If you use an on/off thermostat and want more control over the light and heat, you’ll need a sliding dimmer switch. These switches are a great help for fine-tuning temperatures and dimming the light when it seems too bright.
A single heat lamp setup can be cheap and convenient, but unfortunately it does not provide UVB or vitamin D3. This is a major issue as a complete lack of vitamin D3 will lead to health problems like metabolic bone disease.
Even some leopard geckos that are given calcium powder with D3 have the chance of suffering from metabolic bone disease. This is especially true since hunger strikes are common and it is difficult to make sure they are getting their supplements when they do not want to eat.
A basic leopard gecko lighting schedule should have between 12-14 hours of light each day. If you want to mimic the lighting in their natural habitat, the lights should be on for 11 hours a day in the winter and 14 hours a day in the summer.
Too little light is problematic, but too much light can also be an issue.
Leopard geckos are crepuscular and need some darkness to feel safe and become more active. This is why the lights should be off for 10-12 hours at night.
Keeping a light on for too long, especially if it is bright, can be stressful and irritating.
It is best to achieve this lighting schedule by using an automated timer. Timers are important to make sure the lighting schedule is as consistent as possible. You can even set the timer to mimic their natural daylight hours in Iran or Pakistan.
The following is widely accepted as a sensible beginner lighting schedule for the summer and winter.
In the summer set the lights to be on for a full 14 hours, starting at 6am. At night, the lights will need to be off for the remaining 10 hours.
Basking temperatures during the day should be maintained around 88-92°F, and the cool side of the tank should be 75-77°F. You can use a heat mat or any other non-light-emitting heat source to keep these temperatures up.
During the night, leave the heat source off if the temperatures will not drop below 68°ۥF.
In the wild leopard geckos experience drops in temperatures every night. So, they will be perfectly fine if the heat source is turned off for a while.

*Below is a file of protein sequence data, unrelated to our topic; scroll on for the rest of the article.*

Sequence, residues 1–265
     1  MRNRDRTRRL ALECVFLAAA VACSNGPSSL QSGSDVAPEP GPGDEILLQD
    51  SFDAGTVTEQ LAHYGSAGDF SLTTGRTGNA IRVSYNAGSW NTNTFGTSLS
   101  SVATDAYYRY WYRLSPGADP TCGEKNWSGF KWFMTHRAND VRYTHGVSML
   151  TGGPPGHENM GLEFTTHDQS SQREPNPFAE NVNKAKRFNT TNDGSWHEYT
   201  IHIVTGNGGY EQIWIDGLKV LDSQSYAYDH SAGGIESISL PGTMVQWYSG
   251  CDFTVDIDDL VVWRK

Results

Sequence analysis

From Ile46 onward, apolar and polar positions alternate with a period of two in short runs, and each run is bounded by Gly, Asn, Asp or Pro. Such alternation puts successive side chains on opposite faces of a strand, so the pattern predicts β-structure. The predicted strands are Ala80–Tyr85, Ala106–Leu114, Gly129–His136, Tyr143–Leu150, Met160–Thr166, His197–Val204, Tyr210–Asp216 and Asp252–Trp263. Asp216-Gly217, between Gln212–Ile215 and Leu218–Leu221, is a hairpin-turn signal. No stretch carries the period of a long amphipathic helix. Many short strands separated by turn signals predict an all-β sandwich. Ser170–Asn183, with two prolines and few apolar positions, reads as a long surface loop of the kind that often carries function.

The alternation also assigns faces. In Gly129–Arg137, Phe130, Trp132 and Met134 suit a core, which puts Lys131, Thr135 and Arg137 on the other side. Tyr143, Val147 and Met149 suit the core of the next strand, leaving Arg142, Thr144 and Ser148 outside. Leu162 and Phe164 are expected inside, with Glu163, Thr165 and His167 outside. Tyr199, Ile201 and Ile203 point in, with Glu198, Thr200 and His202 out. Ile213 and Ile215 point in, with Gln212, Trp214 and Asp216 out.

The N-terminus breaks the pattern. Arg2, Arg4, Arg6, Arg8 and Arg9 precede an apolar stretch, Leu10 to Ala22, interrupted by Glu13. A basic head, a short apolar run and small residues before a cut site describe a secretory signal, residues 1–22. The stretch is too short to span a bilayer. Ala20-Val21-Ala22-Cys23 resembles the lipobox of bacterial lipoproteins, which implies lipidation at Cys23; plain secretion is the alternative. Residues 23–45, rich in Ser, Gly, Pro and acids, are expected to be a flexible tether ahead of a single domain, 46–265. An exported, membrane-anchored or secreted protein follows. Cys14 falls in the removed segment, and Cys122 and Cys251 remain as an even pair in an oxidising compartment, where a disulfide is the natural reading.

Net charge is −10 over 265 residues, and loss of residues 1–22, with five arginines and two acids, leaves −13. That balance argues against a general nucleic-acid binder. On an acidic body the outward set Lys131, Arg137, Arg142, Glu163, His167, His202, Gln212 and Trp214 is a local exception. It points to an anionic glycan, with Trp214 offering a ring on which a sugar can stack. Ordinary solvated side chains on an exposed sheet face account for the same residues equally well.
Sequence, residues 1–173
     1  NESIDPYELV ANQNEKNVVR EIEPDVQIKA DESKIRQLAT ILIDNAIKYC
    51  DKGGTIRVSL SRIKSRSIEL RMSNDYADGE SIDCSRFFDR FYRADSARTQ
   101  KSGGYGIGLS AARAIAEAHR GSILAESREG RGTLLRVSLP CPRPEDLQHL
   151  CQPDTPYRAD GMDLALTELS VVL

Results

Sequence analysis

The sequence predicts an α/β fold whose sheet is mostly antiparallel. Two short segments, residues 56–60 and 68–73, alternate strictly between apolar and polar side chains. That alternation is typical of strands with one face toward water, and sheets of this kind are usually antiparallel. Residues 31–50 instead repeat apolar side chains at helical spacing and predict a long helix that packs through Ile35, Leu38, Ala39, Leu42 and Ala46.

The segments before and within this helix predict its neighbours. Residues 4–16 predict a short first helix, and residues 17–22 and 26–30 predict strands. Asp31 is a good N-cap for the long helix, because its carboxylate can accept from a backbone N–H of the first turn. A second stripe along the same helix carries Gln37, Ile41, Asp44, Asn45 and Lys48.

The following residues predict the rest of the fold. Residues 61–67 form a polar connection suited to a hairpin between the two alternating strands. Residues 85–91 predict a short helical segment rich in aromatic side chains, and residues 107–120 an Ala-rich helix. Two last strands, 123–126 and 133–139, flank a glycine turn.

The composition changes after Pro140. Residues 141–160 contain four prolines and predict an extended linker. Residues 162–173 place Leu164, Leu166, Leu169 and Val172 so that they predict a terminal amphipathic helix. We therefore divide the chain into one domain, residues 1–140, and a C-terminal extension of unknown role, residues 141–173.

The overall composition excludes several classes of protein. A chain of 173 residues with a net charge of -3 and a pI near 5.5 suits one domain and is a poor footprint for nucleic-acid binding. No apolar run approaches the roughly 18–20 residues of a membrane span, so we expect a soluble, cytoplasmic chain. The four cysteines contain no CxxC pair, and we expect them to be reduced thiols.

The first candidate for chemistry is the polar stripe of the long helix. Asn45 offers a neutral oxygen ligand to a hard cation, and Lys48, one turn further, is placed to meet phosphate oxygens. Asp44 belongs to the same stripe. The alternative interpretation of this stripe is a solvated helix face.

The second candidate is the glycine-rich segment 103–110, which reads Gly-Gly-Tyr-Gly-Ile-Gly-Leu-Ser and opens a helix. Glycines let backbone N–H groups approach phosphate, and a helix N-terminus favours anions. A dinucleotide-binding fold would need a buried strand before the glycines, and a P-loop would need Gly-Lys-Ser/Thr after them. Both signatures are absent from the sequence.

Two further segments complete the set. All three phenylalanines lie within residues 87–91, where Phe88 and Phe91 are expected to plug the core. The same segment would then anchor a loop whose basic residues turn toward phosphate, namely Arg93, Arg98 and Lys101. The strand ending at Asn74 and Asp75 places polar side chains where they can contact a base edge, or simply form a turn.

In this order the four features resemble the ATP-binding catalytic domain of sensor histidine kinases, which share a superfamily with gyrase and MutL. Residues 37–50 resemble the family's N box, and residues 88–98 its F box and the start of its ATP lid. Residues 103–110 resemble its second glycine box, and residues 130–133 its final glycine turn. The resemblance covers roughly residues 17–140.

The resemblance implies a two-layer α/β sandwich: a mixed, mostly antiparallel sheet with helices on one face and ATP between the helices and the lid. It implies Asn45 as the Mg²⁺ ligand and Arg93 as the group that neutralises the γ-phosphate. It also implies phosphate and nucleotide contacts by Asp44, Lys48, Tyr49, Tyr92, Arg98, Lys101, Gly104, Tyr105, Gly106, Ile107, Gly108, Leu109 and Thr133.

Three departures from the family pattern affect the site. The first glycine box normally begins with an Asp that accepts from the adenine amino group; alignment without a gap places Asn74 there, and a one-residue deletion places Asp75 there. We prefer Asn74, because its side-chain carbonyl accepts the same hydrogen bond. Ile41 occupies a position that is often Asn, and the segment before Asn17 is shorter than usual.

In the wild leopard geckos will experience less light and lower temperatures during the winter months. This will often trigger them to go into what is known as brumation (a period of dormancy).
Brumation can be risky if it is not done carefully and can cause weight loss. It is more useful for experienced breeders than beginners as it will trigger a breeding response the following summer. Because of the complexity and risks of true brumation, it is not recommended that beginners reduce tank temperatures.
For the winter you can use a lighting schedule of 11 hours on and 13 hours off. This slight variation is enough to keep a leopard gecko happy and healthy.
- Avoid using a bright light all day and a red light at night. Leopard geckos need at least 10 hours of darkness to maintain a proper circadian rhythm and ensure they live a long and healthy lifespan.
- Do not use a colored nightlight for heat. These lights will disturb their day/night cycle just like any other light.
- Keeping leopard geckos in complete darkness is also a common mistake. They may be more active when it is darker, but they are more crepuscular than nocturnal.
- Using a UVB coil bulb as they produce unreliable concentrations of UVB across a small area.
- Not using a UVB tube light and replacing it every 12 months.
- Using lights without any equipment to control them. This mistake is very dangerous when the lighting element also produces heat, such as the case with halogen bulbs. Without anything to control the heat source, the enclosure can quickly overheat and burn the leopard gecko.
- One last mistake would be not using a timer to keep a consistent lighting schedule.
Leopard gecko lighting is something that is easily overlooked when discussing their husbandry.
LEDs, halogens and UVB/UVA tube lights are all good lights for leopard geckos. UVB tube lights are particularly important in avoiding metabolic bone disease. A single heat lamp setup can be cheap and convenient, but unfortunately LEDs and halogens do not provide UVB.
The best setup should include a 5-6% T5 UVB tube light and a 16 watt heat mat.
Keeping a natural lighting schedule and avoiding common mistakes can really help to improve the health of a leopard gecko. It will also help to reduce stress and establish a healthy day/night cycle.
Aim to keep a 22” long 5-6% T5 UVB tube on for between 11-14 hours a day. During the summer, the lights will need to be left on longer for around 14 hours. For winter, a schedule of 11 hours on and 13 hours off works well.